Maura:  I knew since early on in high school when I took a Marine Ecology class that I wanted to do work that involved water and wildlife.  When I started my college career at Salisbury University, I decided to enroll in their Biology and Environmental Science dual degree program.  When I transferred to University of Maryland as a junior I decided to major in Environmental Science & Policy with a concentration in Marine & Costal Management.  It aligned well with my interests in the Chesapeake Bay and coastal ecosystems, as well as human connections to our local waterways.

ENSP Advisor:   What kinds of internships did you have that helped you prepare for this job?  Are there courses you took or experiences you had that you now find particularly helpful?

Maura:  While I was a student at UMD, I worked two unpaid internships.  As a junior, I participated in the Maryland Student Researchers Program and did a semester long internship at NASA.  There, I researched trends in air pollution data over a period of several years and correlated the changes in emissions levels shown by this data with changes in environmental policy. 

In order to fulfill my ENSP386 internship requirement, I interned with the South River Federation, where I worked in the field doing water quality monitoring in non-tidal and tidal streams throughout the South River watershed. 

ENSP Advisor:  What advice do you have for current undergraduates?

Maura:  First, I recommend that you build relationships with your professors!  They are a great resource, both while you are a student and after you graduate.  Don’t be shy about doing this, even if you feel a little uncertain about it at first.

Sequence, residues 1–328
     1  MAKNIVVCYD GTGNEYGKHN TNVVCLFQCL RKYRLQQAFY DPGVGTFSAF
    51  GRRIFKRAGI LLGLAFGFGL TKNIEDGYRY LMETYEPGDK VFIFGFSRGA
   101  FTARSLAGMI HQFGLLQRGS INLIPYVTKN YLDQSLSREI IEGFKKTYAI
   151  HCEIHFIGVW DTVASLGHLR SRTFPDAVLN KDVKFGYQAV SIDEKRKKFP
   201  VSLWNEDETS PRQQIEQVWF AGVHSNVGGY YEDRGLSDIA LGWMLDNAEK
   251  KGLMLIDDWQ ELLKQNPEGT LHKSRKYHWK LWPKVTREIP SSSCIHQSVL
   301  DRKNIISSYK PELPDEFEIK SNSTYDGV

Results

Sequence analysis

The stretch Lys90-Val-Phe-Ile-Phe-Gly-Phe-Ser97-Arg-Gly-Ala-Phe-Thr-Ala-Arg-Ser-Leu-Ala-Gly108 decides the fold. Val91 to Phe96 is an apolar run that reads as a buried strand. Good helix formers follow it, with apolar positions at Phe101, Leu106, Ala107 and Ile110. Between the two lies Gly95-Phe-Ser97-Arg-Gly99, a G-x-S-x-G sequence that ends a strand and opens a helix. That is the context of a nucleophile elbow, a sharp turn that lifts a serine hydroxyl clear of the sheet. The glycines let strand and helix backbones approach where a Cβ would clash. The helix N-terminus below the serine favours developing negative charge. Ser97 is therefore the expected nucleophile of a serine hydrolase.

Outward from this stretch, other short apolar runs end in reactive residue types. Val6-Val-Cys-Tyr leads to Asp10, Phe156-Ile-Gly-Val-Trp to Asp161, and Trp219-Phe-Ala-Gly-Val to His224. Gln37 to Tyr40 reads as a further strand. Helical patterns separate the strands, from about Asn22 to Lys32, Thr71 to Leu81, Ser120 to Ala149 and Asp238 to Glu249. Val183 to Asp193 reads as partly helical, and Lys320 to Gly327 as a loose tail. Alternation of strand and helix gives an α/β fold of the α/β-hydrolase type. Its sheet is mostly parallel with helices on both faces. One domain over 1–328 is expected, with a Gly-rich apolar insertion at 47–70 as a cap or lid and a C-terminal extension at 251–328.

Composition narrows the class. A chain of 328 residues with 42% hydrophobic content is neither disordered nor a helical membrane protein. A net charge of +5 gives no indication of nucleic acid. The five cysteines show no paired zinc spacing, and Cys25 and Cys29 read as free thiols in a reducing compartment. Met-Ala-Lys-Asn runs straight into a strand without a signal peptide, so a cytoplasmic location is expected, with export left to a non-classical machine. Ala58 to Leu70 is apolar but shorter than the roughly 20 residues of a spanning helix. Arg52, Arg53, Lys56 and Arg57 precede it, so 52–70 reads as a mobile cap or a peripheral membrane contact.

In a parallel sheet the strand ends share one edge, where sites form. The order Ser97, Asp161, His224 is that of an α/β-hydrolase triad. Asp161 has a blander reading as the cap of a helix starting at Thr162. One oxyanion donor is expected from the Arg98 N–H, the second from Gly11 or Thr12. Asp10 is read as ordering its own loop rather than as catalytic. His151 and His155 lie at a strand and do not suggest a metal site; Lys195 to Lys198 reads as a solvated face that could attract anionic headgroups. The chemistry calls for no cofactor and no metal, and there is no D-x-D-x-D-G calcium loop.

Second, even though it is difficult to balance work and school, apply for as many volunteer opportunities and internships as you can.  The Maryland Student Researchers Program is a great way to get started; and it helps build your resume for more advanced internships later.  MSR only requires 6 hours per week and is a great way to gain insight into various aspects of environmental work.

Also, joining related clubs and activities can be helpful.  Some organizations like The Wildlife Society at Maryland or the Maryland Adventure Program combine fun and professional development activities.  One-day service-learning activities, UMD's Student Sustainability Committee, or Alternative Breaks are other ways to develop career-related skills.  Do things that are FUN for you, as well as “productive.”   Keep in mind that there are many different directions that you can take in the environmental field, including community engagement, research, environmental education, monitoring, restoration, and so many others.  Internships, clubs, and activities can help you get a better idea of the direction you want to pursue.

ENSP Advisor:  Do you have advice for students who are just about to graduate who want to gain more experience before settling into a “real job?”

Maura:  While it is sometimes harder to secure short-term internship positions after you graduate (many internship programs only accept applications from undergraduates), there are a few excellent long-term internship possibilities.    The Chesapeake Conservation Corps is similar to AmeriCorps-sponsored programs that are available to recent graduates.   The pay is low, but the experience is great! This is also true of the Student Conservation Association, and some of the post-graduate internships listed on the ENSP webpages.   Several ENSP majors have begun their careers doing just what I did.  Take your time; try not to jump right into something that’s not a good fit for you.  As long as you like what you are doing, things will tend to work out for you in the long run.